Alice Tippit at Kimmerich
Feb 16, 2017 / by by Mitch Speed / FRIEZE
Alice Tippit’s meticulously crafted paintings mimic those fleeting moments in life when we catch a minuscule glimpse of something, such as the suggestive glance of a passer-by on the street. Her canvases are rendered in muted hues punctuated by flashes of deep blue, burgundy or black. Within the artist’s tightly cropped images, bodies and objects become cryptic silhouettes. Often, the paintings deliver an elusive erotic charge. In Lure (2016), for example, stars glow in the hollow between two milky greige legs. Mauve-coloured negative space pushes in on these limbs, while the inky firmament tapers upward, stopping just shy of the picture’s top edge and the unidentified character’s genitalia.
The atmosphere of Tippit’s paintings in her show ‘Woman on Yellow Motorcycle in Crystal Lake’ is one of furtive titillation: here, a wisp of hair falls down an exposed back; there, a purple breast emerges from behind a yellow vase. At the same time, the artist’s graphic language and careful tuning of colour persistently return the viewer’s attention to the painting’s surface – a material body with its own strange fetish power. In Stroke (2016), a coral-orange human figure poses in a uniform taupe ground. The work mimics the odalisque tropes of 19th-century French painting. In contrast to the contoured bodies of Jean-Auguste-Dominique Ingres or, later, Henri Matisse, however, this figure is a crisply delineated silhouette. A tiny dark triangle floats on its folded legs, near the figure’s knees: a short-hand for the pubic region that recurs in other paintings on view. It’s the figure’s head that sticks in mind, though: turned away from the viewer, its long black hair is striated with green highlights. The pose evokes a subtle parody of figure painting’s traditionally misogynistic attitude to the female nude.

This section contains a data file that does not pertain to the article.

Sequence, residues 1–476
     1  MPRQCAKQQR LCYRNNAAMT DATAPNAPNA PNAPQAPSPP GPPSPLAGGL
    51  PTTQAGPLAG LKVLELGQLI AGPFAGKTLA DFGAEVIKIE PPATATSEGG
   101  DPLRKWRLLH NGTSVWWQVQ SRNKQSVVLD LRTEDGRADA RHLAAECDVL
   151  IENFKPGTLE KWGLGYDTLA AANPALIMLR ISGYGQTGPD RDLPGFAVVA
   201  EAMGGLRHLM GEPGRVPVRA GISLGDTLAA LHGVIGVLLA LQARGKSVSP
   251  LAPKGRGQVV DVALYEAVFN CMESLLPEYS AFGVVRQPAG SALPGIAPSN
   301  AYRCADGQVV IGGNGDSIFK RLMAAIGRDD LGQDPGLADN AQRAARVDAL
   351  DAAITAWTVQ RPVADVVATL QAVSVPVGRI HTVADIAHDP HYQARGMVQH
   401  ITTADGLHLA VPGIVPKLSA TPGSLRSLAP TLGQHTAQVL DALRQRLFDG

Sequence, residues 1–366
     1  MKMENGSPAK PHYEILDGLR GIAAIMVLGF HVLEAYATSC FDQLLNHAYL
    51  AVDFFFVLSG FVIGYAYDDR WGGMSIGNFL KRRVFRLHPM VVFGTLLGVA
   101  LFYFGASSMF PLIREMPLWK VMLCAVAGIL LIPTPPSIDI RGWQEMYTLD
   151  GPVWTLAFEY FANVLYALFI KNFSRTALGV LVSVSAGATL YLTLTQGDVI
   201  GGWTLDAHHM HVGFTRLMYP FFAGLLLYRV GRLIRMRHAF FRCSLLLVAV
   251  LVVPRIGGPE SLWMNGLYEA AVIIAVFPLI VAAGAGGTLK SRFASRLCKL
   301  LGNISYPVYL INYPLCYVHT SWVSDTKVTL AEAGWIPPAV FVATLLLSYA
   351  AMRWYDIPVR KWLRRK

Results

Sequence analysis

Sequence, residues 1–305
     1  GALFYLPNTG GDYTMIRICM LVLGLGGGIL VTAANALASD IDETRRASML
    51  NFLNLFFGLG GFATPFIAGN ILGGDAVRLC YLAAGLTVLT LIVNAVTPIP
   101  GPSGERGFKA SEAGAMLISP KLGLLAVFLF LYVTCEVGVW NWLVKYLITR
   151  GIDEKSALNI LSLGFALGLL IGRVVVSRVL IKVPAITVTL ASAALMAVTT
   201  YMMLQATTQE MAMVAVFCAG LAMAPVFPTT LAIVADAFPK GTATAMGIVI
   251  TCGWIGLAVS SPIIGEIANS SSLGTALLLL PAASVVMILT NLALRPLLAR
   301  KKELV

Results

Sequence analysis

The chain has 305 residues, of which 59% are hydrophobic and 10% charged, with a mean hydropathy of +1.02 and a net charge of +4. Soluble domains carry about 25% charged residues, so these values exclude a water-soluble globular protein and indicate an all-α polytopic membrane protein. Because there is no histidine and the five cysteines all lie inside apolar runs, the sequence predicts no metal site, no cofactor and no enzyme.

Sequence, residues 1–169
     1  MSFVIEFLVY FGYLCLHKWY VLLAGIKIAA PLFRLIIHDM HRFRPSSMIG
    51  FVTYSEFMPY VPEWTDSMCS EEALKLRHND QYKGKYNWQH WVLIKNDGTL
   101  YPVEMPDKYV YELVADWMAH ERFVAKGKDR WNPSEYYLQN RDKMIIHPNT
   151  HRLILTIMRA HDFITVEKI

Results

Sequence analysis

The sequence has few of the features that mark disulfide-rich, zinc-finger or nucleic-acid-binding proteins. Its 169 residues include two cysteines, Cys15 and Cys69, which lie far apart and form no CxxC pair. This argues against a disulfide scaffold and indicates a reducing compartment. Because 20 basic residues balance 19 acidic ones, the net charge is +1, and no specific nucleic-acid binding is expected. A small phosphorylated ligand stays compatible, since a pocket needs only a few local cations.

Occasionally, Tippit’s earlier work has slipped into cuteness, blunting the critical potential of her pictorial games. Here, this happens only once: in Still (2016), a painting that features an apple painted in caucasian flesh tones. The artist may be making a witty comment about painting’s tendency to reduce bodies to inanimate objects, but the entirely literal depiction of the apple, combined with its dead-centre placement in the canvas, muffles the humour with safe quaintness. Summon (2016), on the other hand, achieves a weird and vexing personification of shape. Here, a chalky Naples-yellow crescent floats in a deep umber: embellished with a pair of pursed red lips, it mimics a human grin. Layering a cliché of figuration over a droll allusion to it, the painting is a descendant of René Magritte’s symbolist scenes, which mix impertinence and wonder to uncanny effect.